KSHSAA approves rule change for transfer students

Thursday Sept. 19, KSHSAA approved a rule change in regards to how transfers are dealt with. Transfers without a bona fide move will now have to sit out a full year of varsity competition. The rule will be implemented in the 2020-21 school year.

Senior+move+in+Markell+Hood+dribbles+the+ball+in+the+game+against+Blue+Valley+on+senior+night+on+Feb.+14+at+BVNW.+The+win+improved+the+Huskies+record+to+17-2.
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KSHSAA approves rule change for transfer students

Senior move in Markell Hood dribbles the ball in the game against Blue Valley on senior night on Feb. 14 at BVNW. The win improved the Huskies record to 17-2.

Senior move in Markell Hood dribbles the ball in the game against Blue Valley on senior night on Feb. 14 at BVNW. The win improved the Huskies record to 17-2.

Megan Lu

Senior move in Markell Hood dribbles the ball in the game against Blue Valley on senior night on Feb. 14 at BVNW. The win improved the Huskies record to 17-2.

Megan Lu

Megan Lu

Senior move in Markell Hood dribbles the ball in the game against Blue Valley on senior night on Feb. 14 at BVNW. The win improved the Huskies record to 17-2.

Jonny Isaacson, Sports Editor

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CLARIFICATION:  Our original story was factually correct,  but our wording didn’t correspond with the KSHSAA transfer rules wording, we are sorry if this caused any false interpretations of the story.

Set to be implemented in the 2020-21 school year, transfer students will have to adjust to new rules regarding competing at the varsity level. The rule will force athletes to sit out a year, compared to the previous 18 week-long suspension. Athletic Director Kevin Gerke said the schools themselves desired the change to the rule.

“It was a grassroots thing. It came from the schools,” Gerke said. “The process that KSHSAA has for adopting these kinds of things, more often than not, starts with the public schools within the state. This is one of those things where there was a lot of conversation among schools and it went through the process and it ended up where we are today.”

The rule, which excludes students whose parents make a bona fide move completely out of one school zone into another, will make families think twice before transferring their students, Gerke said.

“I heard someone say they thought it would keep parents or athletes from school-hopping or school-shopping,” Gerke said. “So I certainly think it will make families think twice before they pull their students from one school and send them to another.”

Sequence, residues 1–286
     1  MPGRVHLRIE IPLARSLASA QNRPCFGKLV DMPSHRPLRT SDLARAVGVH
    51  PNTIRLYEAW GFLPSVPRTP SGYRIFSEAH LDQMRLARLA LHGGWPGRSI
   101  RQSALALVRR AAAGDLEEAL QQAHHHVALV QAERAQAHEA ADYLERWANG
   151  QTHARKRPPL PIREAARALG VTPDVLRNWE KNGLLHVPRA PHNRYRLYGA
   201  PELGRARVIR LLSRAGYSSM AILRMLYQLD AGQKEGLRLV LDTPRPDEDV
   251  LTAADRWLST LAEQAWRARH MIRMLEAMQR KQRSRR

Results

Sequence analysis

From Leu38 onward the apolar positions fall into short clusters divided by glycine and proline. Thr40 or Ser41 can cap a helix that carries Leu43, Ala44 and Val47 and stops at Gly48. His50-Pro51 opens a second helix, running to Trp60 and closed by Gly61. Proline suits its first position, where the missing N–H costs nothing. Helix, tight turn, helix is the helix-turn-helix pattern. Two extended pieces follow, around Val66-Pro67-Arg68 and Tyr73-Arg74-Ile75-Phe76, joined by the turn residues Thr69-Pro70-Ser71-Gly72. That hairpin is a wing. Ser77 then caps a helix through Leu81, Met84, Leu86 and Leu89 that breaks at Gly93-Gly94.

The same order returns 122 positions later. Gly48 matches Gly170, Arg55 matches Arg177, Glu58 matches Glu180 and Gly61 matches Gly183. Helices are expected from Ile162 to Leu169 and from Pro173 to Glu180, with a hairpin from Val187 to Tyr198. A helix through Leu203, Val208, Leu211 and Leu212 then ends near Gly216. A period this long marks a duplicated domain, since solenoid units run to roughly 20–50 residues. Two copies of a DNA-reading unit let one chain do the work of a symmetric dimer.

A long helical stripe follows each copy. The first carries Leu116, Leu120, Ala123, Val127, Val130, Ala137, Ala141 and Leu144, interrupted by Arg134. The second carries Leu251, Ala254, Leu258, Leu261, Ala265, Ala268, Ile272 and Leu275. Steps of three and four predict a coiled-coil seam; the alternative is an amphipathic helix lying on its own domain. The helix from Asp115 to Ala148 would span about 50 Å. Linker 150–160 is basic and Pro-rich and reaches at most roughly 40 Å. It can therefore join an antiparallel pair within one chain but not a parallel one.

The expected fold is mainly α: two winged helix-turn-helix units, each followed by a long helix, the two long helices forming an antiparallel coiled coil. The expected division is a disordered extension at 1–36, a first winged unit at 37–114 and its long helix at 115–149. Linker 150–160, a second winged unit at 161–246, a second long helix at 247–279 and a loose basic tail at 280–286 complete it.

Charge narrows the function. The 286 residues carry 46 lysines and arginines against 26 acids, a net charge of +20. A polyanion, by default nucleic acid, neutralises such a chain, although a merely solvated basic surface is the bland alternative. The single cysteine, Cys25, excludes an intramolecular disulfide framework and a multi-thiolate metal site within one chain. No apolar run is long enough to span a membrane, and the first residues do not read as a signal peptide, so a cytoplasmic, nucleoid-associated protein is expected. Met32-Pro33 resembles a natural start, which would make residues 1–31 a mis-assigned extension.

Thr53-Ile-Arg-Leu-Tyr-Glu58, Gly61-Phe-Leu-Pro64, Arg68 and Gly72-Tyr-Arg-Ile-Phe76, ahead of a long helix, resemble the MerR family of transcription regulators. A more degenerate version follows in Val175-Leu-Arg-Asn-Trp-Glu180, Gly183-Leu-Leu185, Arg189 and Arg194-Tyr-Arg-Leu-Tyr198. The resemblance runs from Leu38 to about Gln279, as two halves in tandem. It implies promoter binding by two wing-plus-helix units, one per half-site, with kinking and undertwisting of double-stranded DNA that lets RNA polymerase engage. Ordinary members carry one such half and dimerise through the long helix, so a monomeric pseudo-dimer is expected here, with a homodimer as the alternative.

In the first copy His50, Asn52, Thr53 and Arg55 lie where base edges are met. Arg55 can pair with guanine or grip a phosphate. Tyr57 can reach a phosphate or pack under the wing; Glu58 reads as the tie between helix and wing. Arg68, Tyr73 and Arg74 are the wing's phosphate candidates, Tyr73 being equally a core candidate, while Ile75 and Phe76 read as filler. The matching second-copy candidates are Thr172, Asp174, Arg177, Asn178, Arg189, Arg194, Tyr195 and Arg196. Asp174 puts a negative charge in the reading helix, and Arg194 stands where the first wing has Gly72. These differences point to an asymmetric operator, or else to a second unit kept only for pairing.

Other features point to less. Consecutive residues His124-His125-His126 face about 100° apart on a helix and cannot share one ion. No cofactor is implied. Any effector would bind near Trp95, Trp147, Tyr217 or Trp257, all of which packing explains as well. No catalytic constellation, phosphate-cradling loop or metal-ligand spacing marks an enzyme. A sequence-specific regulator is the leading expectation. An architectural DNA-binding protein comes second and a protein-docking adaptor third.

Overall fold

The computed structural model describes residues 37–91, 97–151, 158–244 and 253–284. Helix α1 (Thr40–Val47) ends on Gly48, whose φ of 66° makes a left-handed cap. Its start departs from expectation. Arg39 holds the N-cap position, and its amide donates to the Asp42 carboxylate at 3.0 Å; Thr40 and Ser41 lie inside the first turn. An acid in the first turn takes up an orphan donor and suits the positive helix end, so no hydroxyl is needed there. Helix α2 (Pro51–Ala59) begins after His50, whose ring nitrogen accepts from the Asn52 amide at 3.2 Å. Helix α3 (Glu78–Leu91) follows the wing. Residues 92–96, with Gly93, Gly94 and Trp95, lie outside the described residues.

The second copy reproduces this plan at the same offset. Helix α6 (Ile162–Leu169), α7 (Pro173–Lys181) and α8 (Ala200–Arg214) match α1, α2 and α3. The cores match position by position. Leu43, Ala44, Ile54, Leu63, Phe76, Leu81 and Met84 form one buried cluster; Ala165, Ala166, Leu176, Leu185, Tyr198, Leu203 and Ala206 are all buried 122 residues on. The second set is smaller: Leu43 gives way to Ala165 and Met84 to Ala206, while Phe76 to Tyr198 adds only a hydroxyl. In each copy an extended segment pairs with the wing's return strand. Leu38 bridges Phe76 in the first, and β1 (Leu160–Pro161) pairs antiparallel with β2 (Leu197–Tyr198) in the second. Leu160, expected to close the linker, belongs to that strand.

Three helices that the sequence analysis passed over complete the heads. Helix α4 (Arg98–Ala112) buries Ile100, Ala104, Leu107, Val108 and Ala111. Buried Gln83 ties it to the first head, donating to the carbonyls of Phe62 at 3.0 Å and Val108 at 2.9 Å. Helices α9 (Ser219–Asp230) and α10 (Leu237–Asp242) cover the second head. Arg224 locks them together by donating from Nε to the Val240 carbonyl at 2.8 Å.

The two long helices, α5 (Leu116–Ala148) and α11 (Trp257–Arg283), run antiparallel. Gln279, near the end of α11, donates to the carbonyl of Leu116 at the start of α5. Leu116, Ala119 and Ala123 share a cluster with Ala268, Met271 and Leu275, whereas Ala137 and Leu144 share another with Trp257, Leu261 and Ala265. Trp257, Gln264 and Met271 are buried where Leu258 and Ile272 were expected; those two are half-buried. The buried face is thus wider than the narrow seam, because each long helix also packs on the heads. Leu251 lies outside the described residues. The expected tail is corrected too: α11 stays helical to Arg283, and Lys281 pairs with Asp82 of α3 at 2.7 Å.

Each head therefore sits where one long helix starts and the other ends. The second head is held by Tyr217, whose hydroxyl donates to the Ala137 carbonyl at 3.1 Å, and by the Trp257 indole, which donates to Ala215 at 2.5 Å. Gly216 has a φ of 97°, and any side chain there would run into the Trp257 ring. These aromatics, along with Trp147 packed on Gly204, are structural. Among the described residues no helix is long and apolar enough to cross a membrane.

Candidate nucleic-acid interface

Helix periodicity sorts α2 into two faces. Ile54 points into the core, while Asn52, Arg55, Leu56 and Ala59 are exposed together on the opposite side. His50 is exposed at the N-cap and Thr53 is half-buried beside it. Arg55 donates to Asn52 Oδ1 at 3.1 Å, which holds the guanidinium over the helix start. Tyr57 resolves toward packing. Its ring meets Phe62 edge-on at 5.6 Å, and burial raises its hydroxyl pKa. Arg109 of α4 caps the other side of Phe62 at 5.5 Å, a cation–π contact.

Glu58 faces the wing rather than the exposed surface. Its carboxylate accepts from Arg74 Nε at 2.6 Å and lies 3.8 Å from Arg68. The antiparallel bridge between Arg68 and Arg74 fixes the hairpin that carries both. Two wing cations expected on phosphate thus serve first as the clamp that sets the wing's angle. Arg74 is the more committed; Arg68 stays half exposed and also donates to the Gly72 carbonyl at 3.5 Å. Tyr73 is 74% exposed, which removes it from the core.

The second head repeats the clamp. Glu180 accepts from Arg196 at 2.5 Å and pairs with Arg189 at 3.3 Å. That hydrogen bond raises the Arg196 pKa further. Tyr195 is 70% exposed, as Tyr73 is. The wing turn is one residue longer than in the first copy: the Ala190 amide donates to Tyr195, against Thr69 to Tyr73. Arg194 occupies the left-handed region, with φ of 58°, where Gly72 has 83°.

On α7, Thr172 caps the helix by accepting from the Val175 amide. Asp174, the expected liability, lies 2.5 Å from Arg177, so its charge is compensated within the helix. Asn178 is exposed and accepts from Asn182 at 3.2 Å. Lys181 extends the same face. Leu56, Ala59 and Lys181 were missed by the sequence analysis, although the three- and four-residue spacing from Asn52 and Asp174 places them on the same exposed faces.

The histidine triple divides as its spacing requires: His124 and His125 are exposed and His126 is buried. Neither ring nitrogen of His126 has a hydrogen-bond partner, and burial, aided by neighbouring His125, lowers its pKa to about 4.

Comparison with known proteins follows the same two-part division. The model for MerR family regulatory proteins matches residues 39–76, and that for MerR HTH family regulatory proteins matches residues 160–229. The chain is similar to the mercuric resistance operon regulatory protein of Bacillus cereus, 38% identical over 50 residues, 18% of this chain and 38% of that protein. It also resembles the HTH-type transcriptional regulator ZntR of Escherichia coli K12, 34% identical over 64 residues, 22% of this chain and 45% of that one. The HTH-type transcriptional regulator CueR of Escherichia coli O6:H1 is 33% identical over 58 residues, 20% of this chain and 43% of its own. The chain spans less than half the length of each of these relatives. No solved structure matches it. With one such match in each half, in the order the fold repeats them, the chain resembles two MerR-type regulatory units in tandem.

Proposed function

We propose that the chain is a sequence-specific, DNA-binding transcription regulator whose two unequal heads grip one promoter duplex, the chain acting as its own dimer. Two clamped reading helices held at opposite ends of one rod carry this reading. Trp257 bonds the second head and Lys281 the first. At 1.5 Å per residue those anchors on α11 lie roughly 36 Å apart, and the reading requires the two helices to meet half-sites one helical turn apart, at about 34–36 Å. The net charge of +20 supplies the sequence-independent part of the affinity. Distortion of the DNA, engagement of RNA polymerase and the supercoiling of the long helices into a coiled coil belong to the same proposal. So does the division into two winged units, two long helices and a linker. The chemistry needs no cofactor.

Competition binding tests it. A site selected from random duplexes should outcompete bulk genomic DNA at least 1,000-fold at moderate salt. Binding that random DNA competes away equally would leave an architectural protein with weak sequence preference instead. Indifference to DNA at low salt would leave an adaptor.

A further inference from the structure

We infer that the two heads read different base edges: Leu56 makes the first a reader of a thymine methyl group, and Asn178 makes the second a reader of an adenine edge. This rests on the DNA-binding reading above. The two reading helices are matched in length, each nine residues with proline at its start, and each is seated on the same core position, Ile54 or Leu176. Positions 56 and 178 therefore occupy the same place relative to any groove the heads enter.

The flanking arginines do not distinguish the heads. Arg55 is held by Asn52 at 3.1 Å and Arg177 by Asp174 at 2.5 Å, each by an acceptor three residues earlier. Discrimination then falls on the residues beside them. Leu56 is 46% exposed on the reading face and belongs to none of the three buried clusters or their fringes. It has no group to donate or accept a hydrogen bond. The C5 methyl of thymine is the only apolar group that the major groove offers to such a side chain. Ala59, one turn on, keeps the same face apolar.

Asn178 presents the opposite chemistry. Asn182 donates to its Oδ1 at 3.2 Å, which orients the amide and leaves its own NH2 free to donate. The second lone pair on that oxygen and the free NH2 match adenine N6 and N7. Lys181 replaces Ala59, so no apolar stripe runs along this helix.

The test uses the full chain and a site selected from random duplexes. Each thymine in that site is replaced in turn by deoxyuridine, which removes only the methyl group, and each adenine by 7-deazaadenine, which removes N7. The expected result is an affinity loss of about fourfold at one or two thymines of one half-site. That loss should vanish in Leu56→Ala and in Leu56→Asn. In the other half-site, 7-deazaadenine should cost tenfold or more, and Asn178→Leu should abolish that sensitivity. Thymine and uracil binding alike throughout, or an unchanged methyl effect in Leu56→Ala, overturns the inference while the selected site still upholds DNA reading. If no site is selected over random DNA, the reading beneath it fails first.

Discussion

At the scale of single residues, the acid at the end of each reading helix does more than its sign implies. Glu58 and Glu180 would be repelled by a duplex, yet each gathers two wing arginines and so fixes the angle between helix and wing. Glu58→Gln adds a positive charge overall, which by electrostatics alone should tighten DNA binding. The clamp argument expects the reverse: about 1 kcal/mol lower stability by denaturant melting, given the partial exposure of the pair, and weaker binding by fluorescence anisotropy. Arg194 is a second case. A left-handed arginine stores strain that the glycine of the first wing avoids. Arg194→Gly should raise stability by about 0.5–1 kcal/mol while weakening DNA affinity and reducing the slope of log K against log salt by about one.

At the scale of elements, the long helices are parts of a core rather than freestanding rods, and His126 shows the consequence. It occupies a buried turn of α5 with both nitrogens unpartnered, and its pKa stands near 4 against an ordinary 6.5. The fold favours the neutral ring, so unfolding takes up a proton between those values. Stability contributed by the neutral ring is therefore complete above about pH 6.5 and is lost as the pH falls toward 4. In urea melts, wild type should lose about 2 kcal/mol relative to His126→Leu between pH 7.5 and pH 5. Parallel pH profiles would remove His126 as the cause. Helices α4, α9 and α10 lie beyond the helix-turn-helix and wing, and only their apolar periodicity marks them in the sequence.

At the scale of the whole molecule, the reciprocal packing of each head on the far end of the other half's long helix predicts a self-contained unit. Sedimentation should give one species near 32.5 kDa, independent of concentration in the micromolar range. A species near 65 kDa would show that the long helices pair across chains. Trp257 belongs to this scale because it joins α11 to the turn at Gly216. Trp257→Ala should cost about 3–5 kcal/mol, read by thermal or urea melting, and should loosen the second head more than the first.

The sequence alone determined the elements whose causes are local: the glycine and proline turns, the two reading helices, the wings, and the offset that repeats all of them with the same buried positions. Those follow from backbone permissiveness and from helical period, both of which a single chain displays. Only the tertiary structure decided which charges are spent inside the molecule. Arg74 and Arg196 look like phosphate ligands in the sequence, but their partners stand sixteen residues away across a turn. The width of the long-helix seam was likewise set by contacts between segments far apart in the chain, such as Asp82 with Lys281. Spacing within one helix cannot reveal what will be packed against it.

Starting two players who had a bona-fide move in to the BVNW attendance area prior to competing, according to KSHSAA rules during the varsity basketball team’s 2019 6A state championship run, head coach Ed Fritz said he doesn’t expect this new rule to affect the team’s success.

“The transfers we’ve had have been eligible immediately, meaning they haven’t sat out,” Fritz said. “So I see it having absolutely no impact on our program.”

After moving to Northwest following his sophomore season, senior Markell Hood was one of the starting move ins on the Huskies’ championship team. Hood didn’t need to sit out, as he switched schools through a bona-fide move.

For many players including Hood, moving or transferring to other schools is meant to put a player into a better situation.

“[Moving here] has definitely made me a better player, playing with all the good guys on the team last year,” Hood said. “Playing on the state championship team it’s definitely made me a better player. Playing for coach Fritz, he’s developed me into a better player.”

The rule change not only affects the athletics throughout the school but also includes activities, such as debate and forensics, spirit programs like dance team and cheer, and to an extent, music groups. Activities Director Andrew Addington mentioned transfers wouldn’t be allowed to compete in tournaments for most activities.

“What makes our side of it different is that some of the activities operate as classes too,” Addington said. “So a student might be able to be enrolled in a certain course, but not be able to compete in certain tournaments.”

Despite having occasional transfers or players who’ve moved into the Blue Valley District in the programs at Northwest, Gerke said the rule change isn’t expected to have much effect on any of Northwests’ programs.

“I don’t see it impacting any of our programs any differently than it does every program in the state of Kansas,” Gerke said.